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America's energy future
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Across the country, American families and businesses are feeling the impact of higher gasoline prices.  But while some politicians may claim they have a quick fix, the truth is that in the years to come, prices will continue to go up more than they go down.  There are only long-term solutions. 

America holds only 2 percent of the world’s proven oil resources, and we consume about 25 percent of the global supply.  We cannot drill our way to low gas prices or energy independence. 

This week, President Obama called on our nation to put an end – once and for all – to our dependence on foreign oil.  He set a goal of cutting one-third of our oil imports and securing America’s energy future with domestic production.  Renewable energy – and particularly biofuels – present an extraordinary opportunity to grow our economy, build new industries, put Americans to work, and minimize risks to our environment. 

This will take time and effort.  It will require our brightest scientists and our most innovative companies.  It will take Democrats, Republicans, and everyone in between.  And the movement to embrace renewable energy is already happening in rural America.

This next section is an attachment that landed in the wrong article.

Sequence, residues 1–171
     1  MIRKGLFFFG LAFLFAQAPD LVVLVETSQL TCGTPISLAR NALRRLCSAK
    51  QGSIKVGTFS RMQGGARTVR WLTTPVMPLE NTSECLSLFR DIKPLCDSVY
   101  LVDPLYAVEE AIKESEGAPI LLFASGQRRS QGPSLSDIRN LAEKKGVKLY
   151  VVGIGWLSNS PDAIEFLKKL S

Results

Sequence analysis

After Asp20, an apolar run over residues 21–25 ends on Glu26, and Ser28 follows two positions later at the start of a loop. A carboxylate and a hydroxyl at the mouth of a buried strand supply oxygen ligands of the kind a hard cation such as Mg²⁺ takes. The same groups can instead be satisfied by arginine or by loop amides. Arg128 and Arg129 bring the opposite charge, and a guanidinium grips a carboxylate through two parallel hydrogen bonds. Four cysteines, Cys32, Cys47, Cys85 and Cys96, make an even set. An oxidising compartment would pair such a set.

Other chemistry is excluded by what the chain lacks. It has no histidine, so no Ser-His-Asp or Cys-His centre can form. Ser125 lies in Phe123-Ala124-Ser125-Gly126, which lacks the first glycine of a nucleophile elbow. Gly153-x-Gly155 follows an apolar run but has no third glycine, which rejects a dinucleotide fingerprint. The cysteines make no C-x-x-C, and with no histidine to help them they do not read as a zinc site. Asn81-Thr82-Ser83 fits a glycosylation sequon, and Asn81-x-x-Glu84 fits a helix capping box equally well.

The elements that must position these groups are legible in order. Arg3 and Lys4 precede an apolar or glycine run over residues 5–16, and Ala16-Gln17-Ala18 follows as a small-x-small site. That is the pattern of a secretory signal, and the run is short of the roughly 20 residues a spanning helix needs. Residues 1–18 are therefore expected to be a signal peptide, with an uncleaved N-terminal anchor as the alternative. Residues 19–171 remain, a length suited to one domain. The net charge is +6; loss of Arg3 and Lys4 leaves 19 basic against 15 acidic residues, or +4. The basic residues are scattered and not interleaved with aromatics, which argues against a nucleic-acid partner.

Today, rural Americans produce biofuels that help provide nearly 10 percent of the power for our nation’s cars and trucks.  Rural America provides much of our nation’s renewable electricity supply – generating power from wood, biofuels, wind, and geothermal sources.  But today, only 8 percent of our electricity comes from renewable sources – and another 34 percent from natural gas and nuclear production.

To reach the President’s goal of supplying 80 percent of our electricity from clean energy sources by 2035, rural America will have to continue to lead the way, with new production and efforts to embrace energy efficiency. 

And we must move away from the foreign oil that means regular run-ups in gas prices. 

At USDA, I have set out a comprehensive strategy for how we will work with our sister federal departments, states and private businesses to build a national biofuels industry and do just that. 

We have established five regional research centers working on the science necessary to ensure profitable biofuels can be produced from a diverse range of feedstocks.  We are investing in construction of biofuels production facilities that will dot the rural landscape.  And we are helping build the infrastructure to get biofuels in America’s gas tanks.  

By investing in a clean energy economy, we can out-innovate and out-build the rest of the world to win the future.  And we must begin today, for the sake of our economy, our prosperity, and future generations.